Description: These guidelines endeavor to give clinicians clear and concise advice on psychiatric medications. The previous edition was published in April 2012.
Purpose: This is designed as a clinical resource for information on prescribing psychiatric medications. It succinctly reviews current data and provides broad guidelines and recommendations on the use of these medications for specific psychiatric disorders. It is a reliable and quick reference that can help reinforce or reevaluate a treatment plan.
Audience: The intended audience is anyone prescribing psychiatric medications, with the focus on psychiatry residents and practitioners, although the book could be used by any clinician who cares for patients who are mentally ill. It meets the needs of its intended audience with a few caveats. It is a great guide for managing medications day to day. However, it is a concise and clinical book and thus more in-depth pharmacological information should be sought from the provided references or through other resources.
Features: The book is organized by psychiatric illness, with further subdivisions into the treatment options available, the evidence for the best supported options, side effects that can result, other special considerations for prescribing, and available alternative treatments. It also has succinct and practical information on the formulations, dosages, precautions, monitoring, and costs of the various treatments. A number of quite informative summary tables and flowcharts give easy to follow guidelines. The information is based on extensive literature review and on actual clinical practices. Each section also includes an extensive list of references so that readers can further review the information. The format lends itself to clinical use: i.e. seeing a patient, determining a diagnosis, and then considering treatment options. One drawback to the format is that information on some medications with utility in different illnesses is spread across chapters.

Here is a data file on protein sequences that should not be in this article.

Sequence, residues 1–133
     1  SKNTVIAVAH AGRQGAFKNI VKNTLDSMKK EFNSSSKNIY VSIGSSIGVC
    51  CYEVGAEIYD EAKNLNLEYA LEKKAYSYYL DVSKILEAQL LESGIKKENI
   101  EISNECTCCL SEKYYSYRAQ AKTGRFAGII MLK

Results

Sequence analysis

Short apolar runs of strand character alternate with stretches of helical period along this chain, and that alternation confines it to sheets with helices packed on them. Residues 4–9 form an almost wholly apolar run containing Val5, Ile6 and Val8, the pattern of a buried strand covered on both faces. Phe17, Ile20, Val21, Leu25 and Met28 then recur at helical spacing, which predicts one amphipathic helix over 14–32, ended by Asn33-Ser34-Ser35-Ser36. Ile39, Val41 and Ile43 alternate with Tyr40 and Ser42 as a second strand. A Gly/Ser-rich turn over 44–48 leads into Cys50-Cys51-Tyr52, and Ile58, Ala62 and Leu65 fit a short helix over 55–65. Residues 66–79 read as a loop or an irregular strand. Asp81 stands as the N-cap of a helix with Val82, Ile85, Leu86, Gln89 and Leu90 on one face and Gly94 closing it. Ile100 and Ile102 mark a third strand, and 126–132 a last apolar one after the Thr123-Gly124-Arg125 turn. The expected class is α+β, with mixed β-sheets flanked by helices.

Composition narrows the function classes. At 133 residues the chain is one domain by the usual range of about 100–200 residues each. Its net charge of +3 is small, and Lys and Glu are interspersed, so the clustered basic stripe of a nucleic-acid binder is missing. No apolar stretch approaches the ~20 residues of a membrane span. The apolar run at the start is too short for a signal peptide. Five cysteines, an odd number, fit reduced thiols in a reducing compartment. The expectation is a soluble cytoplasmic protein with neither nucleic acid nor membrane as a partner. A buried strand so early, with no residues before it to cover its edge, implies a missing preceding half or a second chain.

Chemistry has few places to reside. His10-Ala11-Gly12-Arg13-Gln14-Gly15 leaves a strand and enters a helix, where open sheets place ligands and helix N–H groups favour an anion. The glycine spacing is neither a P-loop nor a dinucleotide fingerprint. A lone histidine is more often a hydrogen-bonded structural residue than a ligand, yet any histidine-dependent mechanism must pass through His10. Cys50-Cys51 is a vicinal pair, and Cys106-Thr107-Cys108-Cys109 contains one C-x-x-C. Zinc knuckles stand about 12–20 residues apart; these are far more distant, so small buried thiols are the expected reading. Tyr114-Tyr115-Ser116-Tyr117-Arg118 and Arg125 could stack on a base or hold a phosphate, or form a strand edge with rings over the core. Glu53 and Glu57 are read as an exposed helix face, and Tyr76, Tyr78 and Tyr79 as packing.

Assessment: This is a valuable book for clinicians caring for the mentally ill. It is succinct in its presentation and guidelines, but broad in its scope of coverage. It is easy to follow and easy to read. It also provides extensive references. This edition offers updated guidelines which incorporate prescribing information and data that has accumulated since the prior edition. Additionally, it has new and/or expanded areas such as plasma level monitoring and depot medications. All of these updates justify replacing the previous edition. Stahl's Essential Psychopharmacology: Prescriber's Guide, 5th edition, Stahl (Cambridge University Press, 2014), is comparable, but these two books have very different approaches. Maudsley is more clinically concerned with the "how" of these medications, while Stahl's is more pharmacologically oriented to the "why" of the medications; thus they complement each other. One caveat is that Stahl's is a British book, but the authors are aware of the book's use outside of the U.K. and thus cover a broad formulary. Overall, it offers evidence-based information in clear and concise guidelines which follow NICE prescribing guidelines.